We humans have now transformed 50 per cent of the planet’s land surface, with all that entails in terms of loss of forest cover and extinctions. We are contaminating 50 per cent of all freshwater sources. In less than a century one-quarter of all bird species have become extinct. We now use more than two-thirds of marine fish resources. The rate of global warming is unprecedently high. As if this wasn’t enough, we can add acid rain, ozone holes, and massive amounts of PCBs and other chemicals swilling around our rivers and oceans. It’s not a pretty story.

It all takes me back to the people of the Amazon, such as those with whom I have stayed in the western reaches in Colombia. Their ecological ‘footprint’ has been negligible, or even non-existent. It is possible to improve, not destroy, this planet we all find ourselves on. It is possible to learn from it, respect it. It can be done. The question is whether modern humanity can learn this lesson in time.

The rising tide of environmental destruction and economic inequality over the last three decades has sparked the rise of a new and radical political movement — the greens. The progress of The Ecologist has mirrored, and even spurred, that development. Over the next six pages we trace the progress of global environment, the green movement, and The Ecologist itself, since 1970. Research by Fred Pearce.

TIMELINE: Key Events in the 1970s

GLOBAL ENVIRONMENT

1971

Agent Orange defoliant spraying ceases in Vietnam after studies show health effects on servicemen (not to mention the Vietnamese and Cambodians being sprayed). It was the biggest sign yet of the predictions of Rachel Carson in her book Silent Spring coming true. Other persistent organic pollutants such as DDT soon join the banned list.

1973

CITES signed. The conclusion of the Convention on Trade in Endangered Species recognises that world trade is a major cause of species extinctions. CITES bans trade in animal products such as tiger skins and turtle shells, while imposing controls on other trades deemed to threaten plant and animal species.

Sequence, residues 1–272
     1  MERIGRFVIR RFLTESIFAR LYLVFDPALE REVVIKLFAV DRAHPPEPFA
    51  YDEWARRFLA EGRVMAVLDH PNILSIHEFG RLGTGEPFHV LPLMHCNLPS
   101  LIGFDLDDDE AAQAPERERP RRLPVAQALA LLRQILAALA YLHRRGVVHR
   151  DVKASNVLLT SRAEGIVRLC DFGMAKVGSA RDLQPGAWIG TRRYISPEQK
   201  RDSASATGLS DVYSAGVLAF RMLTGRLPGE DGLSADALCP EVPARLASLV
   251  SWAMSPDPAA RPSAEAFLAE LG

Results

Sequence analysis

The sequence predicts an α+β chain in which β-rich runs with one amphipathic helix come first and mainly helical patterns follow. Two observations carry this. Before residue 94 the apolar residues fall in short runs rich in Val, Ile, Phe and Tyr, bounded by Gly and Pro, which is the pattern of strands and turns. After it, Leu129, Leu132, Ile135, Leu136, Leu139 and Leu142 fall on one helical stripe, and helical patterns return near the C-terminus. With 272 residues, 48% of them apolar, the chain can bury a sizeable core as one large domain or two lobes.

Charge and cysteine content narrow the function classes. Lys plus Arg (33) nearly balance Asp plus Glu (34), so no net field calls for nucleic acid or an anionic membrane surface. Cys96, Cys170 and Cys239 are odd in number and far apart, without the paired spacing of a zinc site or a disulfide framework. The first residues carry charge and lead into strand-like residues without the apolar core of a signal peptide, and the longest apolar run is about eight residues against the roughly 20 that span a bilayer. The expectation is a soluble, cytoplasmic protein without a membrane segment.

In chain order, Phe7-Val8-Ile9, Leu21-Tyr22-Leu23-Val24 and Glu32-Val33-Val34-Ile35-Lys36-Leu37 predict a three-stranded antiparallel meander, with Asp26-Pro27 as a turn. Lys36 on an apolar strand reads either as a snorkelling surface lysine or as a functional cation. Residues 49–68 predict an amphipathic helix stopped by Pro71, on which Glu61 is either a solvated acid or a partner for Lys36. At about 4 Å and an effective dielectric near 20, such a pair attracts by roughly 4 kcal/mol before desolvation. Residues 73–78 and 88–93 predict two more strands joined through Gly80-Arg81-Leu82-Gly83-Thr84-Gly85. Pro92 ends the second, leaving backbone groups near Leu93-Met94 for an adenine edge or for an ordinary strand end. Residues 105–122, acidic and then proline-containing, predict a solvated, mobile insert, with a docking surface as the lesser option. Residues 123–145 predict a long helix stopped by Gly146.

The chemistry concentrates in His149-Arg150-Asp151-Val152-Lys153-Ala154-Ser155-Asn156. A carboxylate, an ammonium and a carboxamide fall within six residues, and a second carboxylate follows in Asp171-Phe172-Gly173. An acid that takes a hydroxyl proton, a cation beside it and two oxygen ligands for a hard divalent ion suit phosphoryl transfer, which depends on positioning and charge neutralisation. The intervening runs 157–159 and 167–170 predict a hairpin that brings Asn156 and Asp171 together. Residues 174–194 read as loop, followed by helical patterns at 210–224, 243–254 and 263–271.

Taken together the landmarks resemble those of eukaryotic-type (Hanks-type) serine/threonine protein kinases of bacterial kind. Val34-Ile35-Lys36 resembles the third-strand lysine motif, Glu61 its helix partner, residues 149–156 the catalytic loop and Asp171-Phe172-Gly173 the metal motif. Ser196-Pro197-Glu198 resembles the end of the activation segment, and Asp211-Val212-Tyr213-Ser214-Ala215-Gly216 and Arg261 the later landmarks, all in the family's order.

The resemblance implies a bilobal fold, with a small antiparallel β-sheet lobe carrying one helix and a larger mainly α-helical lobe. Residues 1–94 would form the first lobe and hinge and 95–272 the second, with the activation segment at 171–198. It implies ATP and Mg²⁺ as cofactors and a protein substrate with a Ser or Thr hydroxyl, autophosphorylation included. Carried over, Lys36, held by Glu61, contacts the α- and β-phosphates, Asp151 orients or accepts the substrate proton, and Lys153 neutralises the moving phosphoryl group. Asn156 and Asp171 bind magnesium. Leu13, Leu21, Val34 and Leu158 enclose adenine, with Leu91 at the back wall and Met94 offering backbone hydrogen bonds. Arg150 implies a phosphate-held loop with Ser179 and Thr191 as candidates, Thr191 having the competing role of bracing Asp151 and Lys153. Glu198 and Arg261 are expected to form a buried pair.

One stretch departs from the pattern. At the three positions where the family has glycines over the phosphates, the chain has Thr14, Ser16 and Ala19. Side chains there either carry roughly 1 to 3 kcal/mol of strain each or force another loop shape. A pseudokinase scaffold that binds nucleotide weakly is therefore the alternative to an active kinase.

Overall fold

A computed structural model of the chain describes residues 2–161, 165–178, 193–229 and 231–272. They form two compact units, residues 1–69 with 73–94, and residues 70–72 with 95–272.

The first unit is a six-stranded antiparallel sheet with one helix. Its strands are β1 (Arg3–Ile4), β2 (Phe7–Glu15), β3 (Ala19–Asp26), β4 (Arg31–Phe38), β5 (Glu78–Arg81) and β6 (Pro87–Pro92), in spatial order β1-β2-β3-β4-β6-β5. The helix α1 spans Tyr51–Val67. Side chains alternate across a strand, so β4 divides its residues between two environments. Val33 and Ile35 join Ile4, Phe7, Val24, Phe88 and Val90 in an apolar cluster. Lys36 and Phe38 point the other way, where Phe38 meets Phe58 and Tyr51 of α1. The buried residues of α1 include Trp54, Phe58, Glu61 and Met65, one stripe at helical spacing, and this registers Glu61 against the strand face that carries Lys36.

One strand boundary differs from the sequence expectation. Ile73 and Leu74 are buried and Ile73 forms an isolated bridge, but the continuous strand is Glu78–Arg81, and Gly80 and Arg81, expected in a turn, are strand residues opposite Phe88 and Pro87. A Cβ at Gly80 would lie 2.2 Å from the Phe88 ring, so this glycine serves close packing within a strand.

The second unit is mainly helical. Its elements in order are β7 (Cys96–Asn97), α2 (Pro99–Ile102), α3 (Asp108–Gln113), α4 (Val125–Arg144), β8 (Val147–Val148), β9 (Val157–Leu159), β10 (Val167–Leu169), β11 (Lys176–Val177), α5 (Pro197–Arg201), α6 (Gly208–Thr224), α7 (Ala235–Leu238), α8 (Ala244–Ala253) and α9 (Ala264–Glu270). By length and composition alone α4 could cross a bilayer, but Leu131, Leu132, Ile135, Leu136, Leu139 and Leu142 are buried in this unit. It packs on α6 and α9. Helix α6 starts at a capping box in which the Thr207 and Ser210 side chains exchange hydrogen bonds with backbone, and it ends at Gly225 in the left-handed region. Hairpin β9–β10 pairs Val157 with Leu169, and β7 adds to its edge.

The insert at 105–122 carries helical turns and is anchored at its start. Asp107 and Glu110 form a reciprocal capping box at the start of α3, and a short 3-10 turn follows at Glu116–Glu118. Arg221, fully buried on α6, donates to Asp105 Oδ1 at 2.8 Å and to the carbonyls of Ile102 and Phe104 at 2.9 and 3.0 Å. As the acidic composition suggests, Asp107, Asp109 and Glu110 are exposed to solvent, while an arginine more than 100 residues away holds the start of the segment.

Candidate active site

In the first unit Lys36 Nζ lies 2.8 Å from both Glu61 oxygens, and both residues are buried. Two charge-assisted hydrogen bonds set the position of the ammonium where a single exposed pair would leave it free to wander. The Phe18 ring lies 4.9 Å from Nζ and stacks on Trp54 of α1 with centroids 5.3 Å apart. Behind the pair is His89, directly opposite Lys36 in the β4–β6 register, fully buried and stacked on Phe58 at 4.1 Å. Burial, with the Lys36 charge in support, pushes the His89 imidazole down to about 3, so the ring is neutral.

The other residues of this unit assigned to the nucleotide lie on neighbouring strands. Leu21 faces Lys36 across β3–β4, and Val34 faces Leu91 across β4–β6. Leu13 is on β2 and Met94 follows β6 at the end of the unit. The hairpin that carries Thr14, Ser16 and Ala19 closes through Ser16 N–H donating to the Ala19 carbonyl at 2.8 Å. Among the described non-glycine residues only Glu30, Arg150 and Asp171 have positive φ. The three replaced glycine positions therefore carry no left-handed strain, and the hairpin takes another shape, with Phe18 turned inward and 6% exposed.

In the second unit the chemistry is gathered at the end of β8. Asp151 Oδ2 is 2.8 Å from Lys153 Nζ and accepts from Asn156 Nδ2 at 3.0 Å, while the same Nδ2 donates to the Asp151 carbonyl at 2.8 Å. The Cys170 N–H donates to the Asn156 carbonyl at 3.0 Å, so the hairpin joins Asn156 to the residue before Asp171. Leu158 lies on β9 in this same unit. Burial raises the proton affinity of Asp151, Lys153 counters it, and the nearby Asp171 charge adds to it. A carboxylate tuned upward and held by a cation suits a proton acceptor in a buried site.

1973

Trans-Amazon Highway completed. Roads destroy rainforests by providing access to the jungle for loggers, ranchers and the landless poor. The first Trans-Amazon Highway opens up an orgy of forest destruction in the world’s largest rainforest, home to up to half of the world’s species.

1973

Sahel drought. Famine kills millions across a wide area of arid Africa. Some blame a change in the continent’s climate, warning that it may be part of a global climatic shift. Others blame overgrazing. All agree there is widespread ecological breakdown, a phenomenon quickly titled ‘desertification’.

THE ECOLOGIST

July 1970

First issue launched by Edward Goldsmith, Peter Bunyard, Michael Allaby and Robert Allan. ‘The Planet Earth is unique in our solar system in displaying those environmental conditions required to sustain complex forms of life,’ writes Goldsmith, going on to describe Man’s effects on the planet as ‘cataclysmic.’

1972

‘A Blueprint for Survival’ published in the January issue of the magazine. It goes on to become one of the decade’s most important environmental books, selling 120,000 copies in 17 languages, and influencing the formation of Green Parties around the world.

1972

Ecologist editors among the founders of the UK Ecology Party — later to become the Green Party.

ENVIRONMENTAL MOVEMENT

1971

Formation of Greenpeace and Friends of the Earth International, which become the dominant environmental campaigners of the following three decades. Greenpeace is the reformation of the Don’t Make a Wave Committee of Vancouver, which opposed nuclear testing in the Pacific. FoE is a radical splinter of the US Sierra Club.

1972

Limits to Growth published. Authors Dennis and Donella Meadows make early computer projections of global trends in population, pollution and scarcity of raw materials and predict a population crash and ecological meltdown unless pollution is severely curtailed. Backed by an Italian millionaire and his private foundation The Club of Rome.

1972

Stockholm Environment Conference. The first ‘Earth Summit’, it has a huge public impact. Makes first call for a whaling moratorium. Creates the UN Environment Programme and leads to the first Green Party, in New Zealand. Its warnings are widely ignored after 1974 oil crisis brings economic growth to a juddering halt.

1973